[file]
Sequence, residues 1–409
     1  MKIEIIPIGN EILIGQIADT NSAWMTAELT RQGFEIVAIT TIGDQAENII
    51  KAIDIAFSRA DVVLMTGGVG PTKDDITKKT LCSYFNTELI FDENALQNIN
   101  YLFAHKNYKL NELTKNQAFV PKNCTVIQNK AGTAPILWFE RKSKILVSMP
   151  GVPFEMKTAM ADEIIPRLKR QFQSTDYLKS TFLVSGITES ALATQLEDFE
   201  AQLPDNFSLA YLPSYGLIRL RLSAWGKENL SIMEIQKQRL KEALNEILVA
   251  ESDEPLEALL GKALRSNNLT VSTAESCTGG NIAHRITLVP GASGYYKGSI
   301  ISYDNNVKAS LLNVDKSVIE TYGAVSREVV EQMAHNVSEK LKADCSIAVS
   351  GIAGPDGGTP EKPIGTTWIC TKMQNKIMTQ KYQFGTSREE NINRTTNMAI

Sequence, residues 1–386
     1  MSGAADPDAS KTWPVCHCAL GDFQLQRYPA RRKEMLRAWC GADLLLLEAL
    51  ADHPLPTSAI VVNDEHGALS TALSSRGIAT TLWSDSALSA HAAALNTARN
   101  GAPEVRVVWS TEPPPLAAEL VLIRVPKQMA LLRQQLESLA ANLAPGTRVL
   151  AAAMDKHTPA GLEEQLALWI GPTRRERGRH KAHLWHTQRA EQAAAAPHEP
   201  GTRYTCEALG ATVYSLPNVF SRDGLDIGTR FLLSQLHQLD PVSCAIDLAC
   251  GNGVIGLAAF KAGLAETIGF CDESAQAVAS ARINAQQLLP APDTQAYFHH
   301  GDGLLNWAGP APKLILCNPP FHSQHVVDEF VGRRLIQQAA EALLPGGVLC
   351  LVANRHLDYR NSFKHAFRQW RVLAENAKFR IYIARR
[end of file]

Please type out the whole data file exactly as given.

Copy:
Sequence, residues 1–409
     1  MKIEIIPIGN EILIGQIADT NSAWMTAELT RQGFEIVAIT TIGDQAENII
    51  KAIDIAFSRA DVVLMTGGVG PTKDDITKKT LCSYFNTELI FDENALQNIN
   101  YLFAHKNYKL NELTKNQAFV PKNCTVIQNK AGTAPILWFE RKSKILVSMP
   151  GVPFEMKTAM ADEIIPRLKR QFQSTDYLKS TFLVSGITES ALATQLEDFE
   201  AQLPDNFSLA YLPSYGLIRL RLSAWGKENL SIMEIQKQRL KEALNEILVA
   251  ESDEPLEALL GKALRSNNLT VSTAESCTGG NIAHRITLVP GASGYYKGSI
   301  ISYDNNVKAS LLNVDKSVIE TYGAVSREVV EQMAHNVSEK LKADCSIAVS
   351  GIAGPDGGTP EKPIGTTWIC TKMQNKIMTQ KYQFGTSREE NINRTTNMAI

Sequence, residues 1–386
     1  MSGAADPDAS KTWPVCHCAL GDFQLQRYPA RRKEMLRAWC GADLLLLEAL
    51  ADHPLPTSAI VVNDEHGALS TALSSRGIAT TLWSDSALSA HAAALNTARN
   101  GAPEVRVVWS TEPPPLAAEL VLIRVPKQMA LLRQQLESLA ANLAPGTRVL
   151  AAAMDKHTPA GLEEQLALWI GPTRRERGRH KAHLWHTQRA EQAAAAPHEP
   201  GTRYTCEALG ATVYSLPNVF SRDGLDIGTR FLLSQLHQLD PVSCAIDLAC
   251  GNGVIGLAAF KAGLAETIGF CDESAQAVAS ARINAQQLLP APDTQAYFHH
   301  GDGLLNWAGP APKLILCNPP FHSQHVVDEF VGRRLIQQAA EALLPGGVLC
   351  LVANRHLDYR NSFKHAFRQW RVLAENAKFR IYIARR